A range of research is often required to address a specific research need. This chapter draws on examples of systematic searches used for systematic reviews that inform public policy decisions. Systematic reviews used to inform public policy are driven by practice needs, rather than neatly centred on discrete areas of research. Literature searches for these reviews are often required to capture samples of research studies that both span across a variety of topics and research fields and provide sufficient depth of research for each topic area (Francis et al., 2015; Oliver, Dickson and Bangpan, 2015).
This research might cross a range of subject domains, use a variety of approaches to address similar issues, or be described by diverse terminology. The diversity and fragmentation of the relevant literature poses challenges for literature searching using a systematic approach and this may affect our confidence that the studies collected are representative of the research that exists. There is no clear uniform solution to finding information in broad research fields such as public health (Bayliss Davenport and Pennant, 2014; Levay, Raynor and Tuvey, 2015).
At its heart, a manageable search strategy requires careful choices of where and how to locate research. This chapter is relevant to anyone supporting or undertaking systematic literature searches and other stakeholders involved in undertaking or using systematic reviews. It focuses on key aspects in planning a literature search for a broad-based topic, highlights challenges and provides examples of various approaches. This chapter closely relates to Chapter 2, on innovative and iterative approaches to systematic searching, and Chapter 4 on choosing the right sources and techniques. A discussion of broad-based topics is followed by examples of how different approaches have been used.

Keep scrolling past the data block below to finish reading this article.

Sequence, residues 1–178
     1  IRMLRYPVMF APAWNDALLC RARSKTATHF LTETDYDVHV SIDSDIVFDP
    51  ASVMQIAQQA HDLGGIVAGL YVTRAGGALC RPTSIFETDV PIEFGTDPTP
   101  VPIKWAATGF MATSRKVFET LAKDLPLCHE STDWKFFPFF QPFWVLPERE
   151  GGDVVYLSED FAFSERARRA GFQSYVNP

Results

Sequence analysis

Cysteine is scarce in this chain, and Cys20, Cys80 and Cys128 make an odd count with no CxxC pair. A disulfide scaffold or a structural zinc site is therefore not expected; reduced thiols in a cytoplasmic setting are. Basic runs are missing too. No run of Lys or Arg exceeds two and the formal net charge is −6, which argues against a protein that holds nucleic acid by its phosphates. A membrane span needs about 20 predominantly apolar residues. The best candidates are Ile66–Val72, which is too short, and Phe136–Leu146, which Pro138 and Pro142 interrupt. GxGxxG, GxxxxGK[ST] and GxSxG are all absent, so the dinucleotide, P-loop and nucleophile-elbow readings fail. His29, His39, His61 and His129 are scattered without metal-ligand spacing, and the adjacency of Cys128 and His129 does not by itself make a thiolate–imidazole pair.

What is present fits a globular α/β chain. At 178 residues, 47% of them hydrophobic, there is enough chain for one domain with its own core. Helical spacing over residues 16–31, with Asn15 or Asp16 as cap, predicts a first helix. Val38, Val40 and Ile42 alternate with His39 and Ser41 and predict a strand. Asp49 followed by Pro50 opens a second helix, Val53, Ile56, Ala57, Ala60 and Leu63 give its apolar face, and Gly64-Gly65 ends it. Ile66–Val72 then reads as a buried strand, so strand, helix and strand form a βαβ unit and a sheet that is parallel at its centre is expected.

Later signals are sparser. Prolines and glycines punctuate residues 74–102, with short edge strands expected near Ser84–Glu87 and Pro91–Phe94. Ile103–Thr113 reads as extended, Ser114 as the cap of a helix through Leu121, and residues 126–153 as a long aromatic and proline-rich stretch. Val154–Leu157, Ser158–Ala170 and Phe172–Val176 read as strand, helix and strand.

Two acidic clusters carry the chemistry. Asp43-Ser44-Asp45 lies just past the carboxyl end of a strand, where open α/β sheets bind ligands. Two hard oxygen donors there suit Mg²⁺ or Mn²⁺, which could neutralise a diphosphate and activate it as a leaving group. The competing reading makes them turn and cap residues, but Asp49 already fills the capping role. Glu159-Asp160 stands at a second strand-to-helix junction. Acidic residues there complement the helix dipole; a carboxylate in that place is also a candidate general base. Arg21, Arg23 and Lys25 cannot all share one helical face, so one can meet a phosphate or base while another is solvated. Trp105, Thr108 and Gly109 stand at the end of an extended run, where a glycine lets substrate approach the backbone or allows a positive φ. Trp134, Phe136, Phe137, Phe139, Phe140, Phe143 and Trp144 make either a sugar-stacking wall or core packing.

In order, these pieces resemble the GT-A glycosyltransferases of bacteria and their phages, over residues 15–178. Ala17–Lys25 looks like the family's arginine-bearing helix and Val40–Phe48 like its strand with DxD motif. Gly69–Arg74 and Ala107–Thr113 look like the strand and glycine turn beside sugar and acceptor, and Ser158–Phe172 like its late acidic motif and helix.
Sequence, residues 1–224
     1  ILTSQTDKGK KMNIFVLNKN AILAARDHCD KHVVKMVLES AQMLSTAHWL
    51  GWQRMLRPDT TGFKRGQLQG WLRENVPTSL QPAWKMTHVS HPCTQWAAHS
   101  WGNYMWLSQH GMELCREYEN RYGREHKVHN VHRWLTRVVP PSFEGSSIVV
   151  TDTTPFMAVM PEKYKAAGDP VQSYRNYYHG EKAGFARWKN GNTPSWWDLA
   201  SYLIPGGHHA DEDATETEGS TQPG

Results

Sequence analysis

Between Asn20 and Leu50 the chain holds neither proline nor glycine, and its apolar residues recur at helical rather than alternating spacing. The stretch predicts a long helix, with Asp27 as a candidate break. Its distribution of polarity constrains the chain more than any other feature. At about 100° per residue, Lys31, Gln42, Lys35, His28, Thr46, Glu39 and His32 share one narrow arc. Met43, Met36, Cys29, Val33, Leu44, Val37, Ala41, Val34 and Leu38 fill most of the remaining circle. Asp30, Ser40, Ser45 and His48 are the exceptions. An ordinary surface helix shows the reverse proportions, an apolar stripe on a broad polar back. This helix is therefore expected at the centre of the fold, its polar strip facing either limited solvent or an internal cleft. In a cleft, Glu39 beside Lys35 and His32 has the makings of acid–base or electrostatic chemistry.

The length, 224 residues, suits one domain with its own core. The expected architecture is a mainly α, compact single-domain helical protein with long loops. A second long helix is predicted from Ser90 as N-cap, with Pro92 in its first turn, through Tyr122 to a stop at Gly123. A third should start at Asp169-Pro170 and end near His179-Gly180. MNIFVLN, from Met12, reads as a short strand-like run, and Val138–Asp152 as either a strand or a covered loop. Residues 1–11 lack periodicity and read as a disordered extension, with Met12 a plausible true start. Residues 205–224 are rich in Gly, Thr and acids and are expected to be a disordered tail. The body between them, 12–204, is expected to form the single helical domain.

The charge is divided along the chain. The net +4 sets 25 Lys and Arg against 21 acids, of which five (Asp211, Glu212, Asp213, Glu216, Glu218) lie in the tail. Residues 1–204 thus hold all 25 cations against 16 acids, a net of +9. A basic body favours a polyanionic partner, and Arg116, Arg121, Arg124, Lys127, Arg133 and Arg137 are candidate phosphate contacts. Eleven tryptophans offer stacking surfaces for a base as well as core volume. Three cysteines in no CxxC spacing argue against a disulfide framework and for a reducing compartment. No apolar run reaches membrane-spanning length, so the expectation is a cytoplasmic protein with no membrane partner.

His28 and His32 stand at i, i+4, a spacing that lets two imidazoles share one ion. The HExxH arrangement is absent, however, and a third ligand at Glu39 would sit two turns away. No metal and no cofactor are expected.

Overview of the topic
Systematic searching involves applying a clear rationale to seek out the best available evidence to address a research question. It aims to obtain research that is either a comprehensive collection or a representative sample of the available evidence (Brunton et al., 2017, 96-98). In practice, it is impossible to know the total universe of relevant studies and search strategies are unlikely to retrieve every relevant reference (Brettle et al., 1998; Brunton et al., 2017, 98). We introduce our own biases as to which resources we decide to search and how we search them.